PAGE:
Diary of a Bookworm: Fun reads to celebrate Lunar New Year

Featuring young adult, science fiction, biographies, fantasy and romance


Julie Blunt

Bookworm Julie Blunt celebrates Lunar New Year by sharing their recommendations to read for Lunar New Year. From “Crazy Rich Asians” to “Iron Widow,” they share a range of genres. (Graphic created in Canva by Julie Blunt).

Julie Blunt

Dear diary:

Lunar New Year is a 15-day celebration marking the start of a new calendar year. Though Lunar New Year is commonly known as “Chinese New Year,” the celebration is enjoyed throughout many other Asian cultures. 

In this diary entry, I’ve gathered a list of Asian authors and novels that I’ve read or have been recommended in order to celebrate the Lunar New Year.

Chloe Gong: “These Violent Delights” duology

Chloe Gong is a New York Times bestseller and author of the “These Violent Delights” duology. Born in Shanghai, Gong now lives in New York, where she says she’s “pretending to be a real adult,” according to her website. Gong is in my list of top 10 favorite authors not only because her writing is phenomenal and lively but, as a 24-year-old author, she relates to an older audience of Young Adult readers. 

As I’ve previously mentioned, Gong’s “These Violent Delights” is a “retelling of Shakespeare’s ‘Romeo and Juliet’ based during a gang blood feud between the Chinese and Russian mafia in the 1920s.” When I first read the books, it was one of the few times I experienced such deep emotion while reading, making it an all-time favorite. 

In Gong’s “Authors Note” at the end of “These Violent Delights,” she mentions that, while the book is a work of fiction, many of the injustices mentioned were commonplace during the 1920s in Shanghai. 

Kevin Kwan: “Crazy Rich Asians” trilogy

I haven’t cracked the spine on this series yet, but I have always wanted to dive into the world of “Crazy Rich Asians” by Kevin Kwan after seeing the hype around the movie adaptation.

Rachel Chu decides to spend the summer with her boyfriend Nicholas Young, in Singapore, but what she expects isn’t what she gets: Nicholas’ family is “crazy rich,” and Nicholas is one of the most eligible bachelors in Singapore. The book is described by Goodreads as “a perfect depiction of the clash between old money and new money; between Overseas Chinese and Mainland Chinese.” It’s a story of young love, high-brow characters and culture.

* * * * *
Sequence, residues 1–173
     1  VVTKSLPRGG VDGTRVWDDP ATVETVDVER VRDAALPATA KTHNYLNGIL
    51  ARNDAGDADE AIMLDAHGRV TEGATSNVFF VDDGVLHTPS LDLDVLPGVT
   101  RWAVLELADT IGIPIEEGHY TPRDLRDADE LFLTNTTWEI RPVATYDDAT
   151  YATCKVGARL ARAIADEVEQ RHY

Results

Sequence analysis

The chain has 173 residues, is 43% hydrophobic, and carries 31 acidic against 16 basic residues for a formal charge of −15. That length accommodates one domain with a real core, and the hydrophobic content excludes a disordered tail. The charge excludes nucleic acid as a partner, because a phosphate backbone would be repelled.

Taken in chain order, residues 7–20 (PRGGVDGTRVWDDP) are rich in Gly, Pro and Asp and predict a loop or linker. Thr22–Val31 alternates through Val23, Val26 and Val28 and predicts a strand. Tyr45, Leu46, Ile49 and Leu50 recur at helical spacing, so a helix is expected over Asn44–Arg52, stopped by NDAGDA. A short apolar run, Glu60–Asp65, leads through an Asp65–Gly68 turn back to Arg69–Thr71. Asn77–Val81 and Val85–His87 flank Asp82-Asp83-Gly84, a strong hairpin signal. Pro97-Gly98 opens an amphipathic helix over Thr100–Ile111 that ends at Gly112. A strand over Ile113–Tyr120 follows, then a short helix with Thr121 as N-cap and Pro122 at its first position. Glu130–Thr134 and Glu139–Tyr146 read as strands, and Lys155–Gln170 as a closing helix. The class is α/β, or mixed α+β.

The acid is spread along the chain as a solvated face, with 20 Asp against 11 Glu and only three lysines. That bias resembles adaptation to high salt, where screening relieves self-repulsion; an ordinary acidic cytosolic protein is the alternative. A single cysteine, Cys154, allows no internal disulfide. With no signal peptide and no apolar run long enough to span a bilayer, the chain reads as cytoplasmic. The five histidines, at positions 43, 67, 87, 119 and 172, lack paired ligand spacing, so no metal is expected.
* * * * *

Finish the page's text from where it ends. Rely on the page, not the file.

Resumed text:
With a current Rotten Tomatoes rating of 91%, the film adaptation of “Crazy Rich Asians”  was released in 2018, gaining over $174 million dollars in box office growth. 

Xiran Jay Zhao: “Iron Widow” 

Jay Zhao is another young author who relates to the older generation of young adult readers. “Iron Widow” is a science fiction novel reimagining an era in which the only Chinese female emperor coexists with robots, monsters and wields powerful female rage. 

It’s a world where the men are paired up with women to pilot giant magical mecha’s based on creatures from East Asian myth. The novel portrays men as powerful and women as lesser beings, making you want to scream “screw the patriarchy” at the top of your lungs. 

18-year-old Wu Zetian wants to avenge her sister’s death, caused by the negligence of her copilot. The only way Wu Zetian knows how she’ll achieve her goal is to become the next copilot. It turns out she may be more powerful than she anticipated. 

One of the most recurring eye-catching details in Zhao’s novel was the mention of historic beauty standards in China. Foot-binding, a method of folding a woman’s toes into her feet, making them smaller, was a painful beauty standard for women in China.

Simu Liu: “We Were Dreamers: An Immigrant Superhero Origin Story”

Actor and now author Simu Liu is best known for his role in the Marvel Cinematic Universe as Shang-Chi. However, acting hasn’t always been his career path. 

In Liu’s biography “We Were Dreamers: An Immigrant Superhero Origin Story,” he tells of his grandparents’ caring demeanor and his rough home life to how he became one of the newest superheroes in the most popular cinematic universe of our generation.

Reading fiction is fun when you want an escape from the real world. However, reading a biography like Liu’s, you can see firsthand the experience that other cultures, unlike your own, have gone through. 

R.F. Kuang: “Poppy War” Trilogy

The Poppy War” by R. F. Kuang has been on my physical “to be read” list since I bought it on a whim. It wasn’t until I read further about this novel that I realized I’m a huge fan of female heroines and warriors. That’s what it seems this trilogy has. 

Goodreads has Kuang’s novel described as a science fiction, fantasy, young adult novel inspired by twentieth-century China following the story of Rin, who is “targeted from the outset by rival classmates for her color, poverty and gender.” On the brink of war, Rin discovers she possesses a power that could mean saving her people or losing everything.

Seeing different cultural representations in mainstream fiction and literature is refreshing for many people, including myself. As someone who grew up in a household where other cultures were unknown to us, I try my best to learn and understand through novels as an adult. I’ve found that many novels with main characters from ethnicities and cultures I’m not a part of find themselves among my favorites.

Happy Lunar New Year and Gung Hay Fat Choi!